Monday, 4 June 2012

Building STEAM

- borders distinguish inside from outside. if they are simple, they make it clear where we are; if they are complex, encompassing distinct pockets of space, they afford choices or the chance to change. since the ancient egyptians built their temples, one of humankind's most potent devices for achieving mystery, distance, and the setting apart of a special place has been to build layers of walls - buildings within buildings, wall around wall like the successive skins of an onion. in architecture, as in thought, simple tight boundaries are most often too confining - donlyn lyndon & charles w. moore - from chambers for a memory palace -

Adam Savage, one of the presenters of Mythbusters gave a nice talk at this year's Maker Faire about the importance of making. The vital thing, he said, was making what you had to, not what you thought you ought to, especially not what you were told to (the wider argument was intended to validate peoples' building of pop-culture artefacts, particularly movie replicas, including his building of two sets of Iron Man armour. Savage is a movie props geek, an avid and expert one, and his talk on building a perfect replica Maltese Falcon is a surprisingly canny and modest discussion of art born of obsession.

At Maker Faire, he argued that building things, and artistically building things, building with a desire as well as an interest, is an inherently good thing, bringing you closer to the world, helping you to understand how things work. Another message in the background of his talk was that building with your hands was good; he never explicitly said it, maybe didn't intend it, but it seemed like he was moving towards saying that building helped you understand your hands better, understand yourself and how you worked in relation to the materials you've chosen and the project as a whole. This discussion of how building helps you, how it forces you to learn unexpected things obviously resonates with Rushkoff's "code or be coded" mantra and the trend in the Digital Humanities toward "less yack more hack." They sit on a continuum: for both, building is good, building helps, building teaches, building takes you outside of yourself, gives something to others, and turns that knowledge inward when you need it for the next project.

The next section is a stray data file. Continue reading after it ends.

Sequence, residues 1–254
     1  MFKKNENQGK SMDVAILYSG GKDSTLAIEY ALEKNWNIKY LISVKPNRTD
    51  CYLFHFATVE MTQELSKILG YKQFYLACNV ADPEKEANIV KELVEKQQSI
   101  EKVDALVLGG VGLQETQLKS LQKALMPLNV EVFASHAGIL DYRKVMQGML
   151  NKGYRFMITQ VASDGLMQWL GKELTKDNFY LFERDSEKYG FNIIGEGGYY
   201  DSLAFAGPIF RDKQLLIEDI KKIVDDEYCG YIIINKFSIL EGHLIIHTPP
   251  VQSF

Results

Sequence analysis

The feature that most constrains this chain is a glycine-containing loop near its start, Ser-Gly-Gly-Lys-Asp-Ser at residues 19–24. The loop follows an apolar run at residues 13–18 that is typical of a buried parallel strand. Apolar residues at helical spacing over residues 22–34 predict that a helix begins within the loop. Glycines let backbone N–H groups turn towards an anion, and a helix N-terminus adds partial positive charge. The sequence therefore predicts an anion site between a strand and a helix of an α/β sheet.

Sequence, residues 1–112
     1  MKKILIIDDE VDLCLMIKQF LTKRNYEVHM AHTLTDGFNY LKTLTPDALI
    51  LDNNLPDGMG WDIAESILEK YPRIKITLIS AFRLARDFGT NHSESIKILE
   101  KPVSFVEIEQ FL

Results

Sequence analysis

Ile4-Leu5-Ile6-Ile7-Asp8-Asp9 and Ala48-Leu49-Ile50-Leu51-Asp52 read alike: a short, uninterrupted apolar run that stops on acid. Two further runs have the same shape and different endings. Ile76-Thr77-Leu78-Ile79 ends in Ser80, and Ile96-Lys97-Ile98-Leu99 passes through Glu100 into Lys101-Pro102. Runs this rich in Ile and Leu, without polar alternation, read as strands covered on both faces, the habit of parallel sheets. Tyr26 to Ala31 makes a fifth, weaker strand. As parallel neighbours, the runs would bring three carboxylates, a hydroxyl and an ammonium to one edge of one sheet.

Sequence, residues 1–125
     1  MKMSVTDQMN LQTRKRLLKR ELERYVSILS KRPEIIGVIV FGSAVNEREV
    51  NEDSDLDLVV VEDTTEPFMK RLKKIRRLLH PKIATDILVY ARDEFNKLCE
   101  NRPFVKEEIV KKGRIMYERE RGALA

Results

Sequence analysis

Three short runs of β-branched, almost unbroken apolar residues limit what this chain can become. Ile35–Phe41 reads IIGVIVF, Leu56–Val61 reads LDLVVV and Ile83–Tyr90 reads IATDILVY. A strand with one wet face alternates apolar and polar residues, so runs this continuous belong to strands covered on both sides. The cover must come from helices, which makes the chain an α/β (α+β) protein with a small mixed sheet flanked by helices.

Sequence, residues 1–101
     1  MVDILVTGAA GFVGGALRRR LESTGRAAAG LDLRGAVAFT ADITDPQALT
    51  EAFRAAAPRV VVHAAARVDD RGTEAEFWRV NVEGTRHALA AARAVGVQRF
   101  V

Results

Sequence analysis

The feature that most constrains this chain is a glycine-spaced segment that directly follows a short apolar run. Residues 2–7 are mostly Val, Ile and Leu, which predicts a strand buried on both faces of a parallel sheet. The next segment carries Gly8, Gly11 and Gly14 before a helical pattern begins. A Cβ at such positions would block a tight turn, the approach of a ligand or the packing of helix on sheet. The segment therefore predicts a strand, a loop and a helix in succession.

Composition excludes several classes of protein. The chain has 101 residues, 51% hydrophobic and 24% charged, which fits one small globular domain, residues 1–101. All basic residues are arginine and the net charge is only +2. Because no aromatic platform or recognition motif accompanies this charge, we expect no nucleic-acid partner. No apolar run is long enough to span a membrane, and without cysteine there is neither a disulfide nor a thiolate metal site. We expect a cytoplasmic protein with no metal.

Savage is an ambassador for Science, Technology, Engineering, and Mathematics teaching in the US, the STEM subjects which are often talked up at the expense of the Humanities in UK higher education budgetary concerns. Savage may be an ambassador for STEM, but he feels that something's missing. In the talk I've been discussing he says that STEM is a terrible and empty word, but STEAM, STEAM is a great word, and that "A" is where art goes. And I really liked this idea, particularly as it applies to understanding and practicing creativity, I think it has some weight.